So I have been playing around with implementing an optimizer that leverages the hessian-vector product in it’s update rule inside of torch — I am keen on using the existing
VHP for the same, but it’s really awkward API makes it impossible to be used inside of the
step method when defining a custom optimizer class in torch.
Here are the problems that I currently have with the existing
- One typically does not pass in any argument to the
stepmethod when making the call to
optimizer.step(), except in the case of algorithms like
L-BFGS which require a
closureargument since they re-evaluate the loss function multiple times every iteration. Given the API for the VHP, a typical call to the method would look something like:
VHP(loss_func, (model_output_tensor, gt_labels/values_tensor), v) (I have gripes about this signature as well, which I explain in the next point). But
step does not typically have access to any of these arguments!
step doesn’t have any idea about
loss_func, model_output_tensor, gt_labels — so just to get it to work I decided to dump all of these arguments inside of
closure (horrible choice, but that seemed to be the only way out) but then…
- It seems like the way
VHP treats the
inputs tuple is as separate inputs to the function that are to be evaluated independently (that is why they explicitly impose
len(inputs) == len(v)), but loss functions almost always take in vector inputs and I have no clue how one could pass in two vector inputs in a single tensor (except maybe by vertically stacking the inputs, but I am unsure if
VHP would parse the inputs that way).
TLDR: The API for torch’s
VHP method is really hard to work with when defining a custom optimizer in torch — are there any interesting alternatives for computing the Hessian-Vector-Product that do not run into the pitfalls that I mentioned above? As far as I am aware
JAX also has an identical API for their own
Thank you for your time!
(1) looks more like a complaint to the optimizer interface haha, but using a closure unfortunately is what you have to do yes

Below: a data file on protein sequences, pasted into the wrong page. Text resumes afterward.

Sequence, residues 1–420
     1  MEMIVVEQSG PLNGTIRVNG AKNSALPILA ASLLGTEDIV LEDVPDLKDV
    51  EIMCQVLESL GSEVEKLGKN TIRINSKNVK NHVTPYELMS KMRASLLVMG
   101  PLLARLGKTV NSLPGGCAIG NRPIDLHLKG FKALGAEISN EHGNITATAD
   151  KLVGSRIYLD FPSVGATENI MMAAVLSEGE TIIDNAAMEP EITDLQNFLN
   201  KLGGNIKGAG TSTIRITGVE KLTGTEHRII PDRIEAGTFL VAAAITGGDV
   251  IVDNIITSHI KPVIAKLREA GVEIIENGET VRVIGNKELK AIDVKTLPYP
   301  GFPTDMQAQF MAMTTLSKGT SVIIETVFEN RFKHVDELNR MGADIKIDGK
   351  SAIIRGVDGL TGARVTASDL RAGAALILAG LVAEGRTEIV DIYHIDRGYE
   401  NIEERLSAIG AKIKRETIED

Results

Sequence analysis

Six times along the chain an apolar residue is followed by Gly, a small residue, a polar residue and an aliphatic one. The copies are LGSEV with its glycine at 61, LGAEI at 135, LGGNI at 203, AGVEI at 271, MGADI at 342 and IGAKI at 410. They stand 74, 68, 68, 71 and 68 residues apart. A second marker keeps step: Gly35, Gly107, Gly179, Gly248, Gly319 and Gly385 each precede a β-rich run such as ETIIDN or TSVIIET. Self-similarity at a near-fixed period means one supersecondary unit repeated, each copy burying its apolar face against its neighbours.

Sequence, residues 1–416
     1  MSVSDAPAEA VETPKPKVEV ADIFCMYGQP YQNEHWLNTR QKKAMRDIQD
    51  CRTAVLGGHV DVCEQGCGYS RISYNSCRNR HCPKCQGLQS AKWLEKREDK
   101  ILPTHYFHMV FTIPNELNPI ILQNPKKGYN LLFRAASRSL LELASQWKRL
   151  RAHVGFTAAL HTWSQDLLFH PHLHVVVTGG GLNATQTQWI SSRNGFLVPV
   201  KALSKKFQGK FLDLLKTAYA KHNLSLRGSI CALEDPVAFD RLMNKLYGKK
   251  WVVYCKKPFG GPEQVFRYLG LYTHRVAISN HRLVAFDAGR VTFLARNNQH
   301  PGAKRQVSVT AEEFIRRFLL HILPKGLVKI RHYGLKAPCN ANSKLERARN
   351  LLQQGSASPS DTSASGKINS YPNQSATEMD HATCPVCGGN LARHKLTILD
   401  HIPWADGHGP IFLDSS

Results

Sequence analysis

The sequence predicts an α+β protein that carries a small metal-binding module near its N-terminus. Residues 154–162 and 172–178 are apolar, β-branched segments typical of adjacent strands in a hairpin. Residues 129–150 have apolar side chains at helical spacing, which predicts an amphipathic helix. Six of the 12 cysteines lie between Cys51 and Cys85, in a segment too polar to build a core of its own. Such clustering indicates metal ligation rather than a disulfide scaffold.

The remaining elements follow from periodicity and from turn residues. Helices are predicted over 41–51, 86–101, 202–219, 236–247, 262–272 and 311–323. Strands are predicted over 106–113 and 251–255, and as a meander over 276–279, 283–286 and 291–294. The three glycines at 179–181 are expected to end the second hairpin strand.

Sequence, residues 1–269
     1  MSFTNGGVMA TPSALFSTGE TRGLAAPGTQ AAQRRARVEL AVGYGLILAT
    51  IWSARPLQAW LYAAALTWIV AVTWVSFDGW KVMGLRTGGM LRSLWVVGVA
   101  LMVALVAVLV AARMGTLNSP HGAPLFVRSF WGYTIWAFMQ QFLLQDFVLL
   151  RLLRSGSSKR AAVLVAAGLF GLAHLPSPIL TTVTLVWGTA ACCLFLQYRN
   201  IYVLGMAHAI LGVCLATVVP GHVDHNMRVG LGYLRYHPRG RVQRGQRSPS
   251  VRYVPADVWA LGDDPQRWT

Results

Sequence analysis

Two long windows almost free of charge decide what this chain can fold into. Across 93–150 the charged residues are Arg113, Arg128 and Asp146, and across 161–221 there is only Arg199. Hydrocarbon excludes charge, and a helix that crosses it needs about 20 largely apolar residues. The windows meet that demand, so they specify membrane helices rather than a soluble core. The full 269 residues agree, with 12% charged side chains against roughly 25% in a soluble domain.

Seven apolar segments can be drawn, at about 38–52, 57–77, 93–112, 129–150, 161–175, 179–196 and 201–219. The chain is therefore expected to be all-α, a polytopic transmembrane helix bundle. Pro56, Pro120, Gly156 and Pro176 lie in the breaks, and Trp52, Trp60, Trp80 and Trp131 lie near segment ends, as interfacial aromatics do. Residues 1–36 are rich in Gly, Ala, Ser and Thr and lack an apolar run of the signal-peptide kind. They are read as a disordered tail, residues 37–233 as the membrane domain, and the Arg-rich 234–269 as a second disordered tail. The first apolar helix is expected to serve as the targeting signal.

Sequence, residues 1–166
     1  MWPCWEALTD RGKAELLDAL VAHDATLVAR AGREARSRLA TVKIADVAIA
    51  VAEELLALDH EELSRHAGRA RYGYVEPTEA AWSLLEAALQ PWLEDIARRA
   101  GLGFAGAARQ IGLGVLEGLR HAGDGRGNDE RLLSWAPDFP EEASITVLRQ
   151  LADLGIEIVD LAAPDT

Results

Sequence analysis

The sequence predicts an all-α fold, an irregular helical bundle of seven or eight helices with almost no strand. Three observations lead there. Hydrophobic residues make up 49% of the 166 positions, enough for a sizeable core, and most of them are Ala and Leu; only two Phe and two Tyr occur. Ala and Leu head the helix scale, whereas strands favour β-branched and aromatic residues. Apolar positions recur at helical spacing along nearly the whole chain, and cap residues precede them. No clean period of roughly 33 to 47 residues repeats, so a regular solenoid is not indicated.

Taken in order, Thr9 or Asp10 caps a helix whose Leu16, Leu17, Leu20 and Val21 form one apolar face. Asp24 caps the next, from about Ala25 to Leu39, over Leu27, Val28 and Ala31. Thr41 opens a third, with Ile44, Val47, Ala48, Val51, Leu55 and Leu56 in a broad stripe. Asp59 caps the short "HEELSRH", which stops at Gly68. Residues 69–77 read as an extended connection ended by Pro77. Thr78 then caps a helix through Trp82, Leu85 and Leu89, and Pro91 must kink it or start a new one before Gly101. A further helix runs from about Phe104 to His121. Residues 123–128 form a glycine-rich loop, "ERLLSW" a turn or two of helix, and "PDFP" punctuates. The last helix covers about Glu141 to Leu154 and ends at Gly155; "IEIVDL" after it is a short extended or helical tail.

(2) I’m not sure I understand. Isn’t hessian inputs x inputs, and so you need v to also be inputs in order to compute vhp? so that is why len(inputs) == len(v) is necessary.
- Haha, I agree XD.
- For this point, consider the example of the following function:
def test_func_multi(x: torch.Tensor, y:torch.Tensor):
return (2 * y ** 3 - 3 * x ** 2).sum()
I do not understand how to use the existing VHP API for this (and it doesn’t help that the documentation doesn’t have such an example) — like, I would want to pass in vector inputs for both
y in this case, but if I were to pass in the same as a tuple as:
VHP(test_func_multi, (x_in, y_in), v) where the semantics I hope for are that
(x_in, y_in) are used for instantiating
test_func_multi, but this throws an error about the lengths of the inputs and the vector not being equal. I am interested in a function like this because that is the signature of every loss function.
One way around this could be to partially instantiate the
test_func_multi function using
functools.partial (since for a loss function, the
labels are anyways tensors that have
I had a separate question as well, I would be really thankful if you could help :).
Since the posting of this question, I have figured out a way to compute the
HVP for my use-case inside of the
step method without having to resort to passing in additional arguments inside of
closure (through some
autograd magic XD). The optimizer seems to run fine for synthetic experiments (like on static functions e.g. rosenbrock etc.), but it seems to throw a really opaque error after running for a few iterations when running for simple NN’s (in this case a simple CNN over CIFAR10).
This is the error that I am getting:
E RuntimeError: A view was created in no_grad mode and is being modified inplace with grad mode enabled. Given that this use case is ambiguous and error-prone, it is forbidden. You can clarify your code by moving both the view and the inplace either both inside the no_grad block (if you don't want the inplace to be tracked) or both outside (if you want the inplace to be tracked).
I found this relevant torch issue (where I believe you have also replied to the conversation?)
I get this error on a line of the
step method where I am making updates to a
state variable of the optimizer (this particular
state variable also happens to be involved in the HVP) — and interestingly, I get this error after the algorithm has already run for a few iterations, making this really hard to debug. The update is very simple as well, it’s just
T[T > constant] = constant (where
T is the state variable in question).
Would you have any comments for what I could do in this situation?
Thank you so much for your help!
This might be a dumb question, but why won’t you have two v’s in your example?
Is there any reason the inplace update to state needs to be done in grad mode? Doing the update to state in no-grad would be one way of resolving this.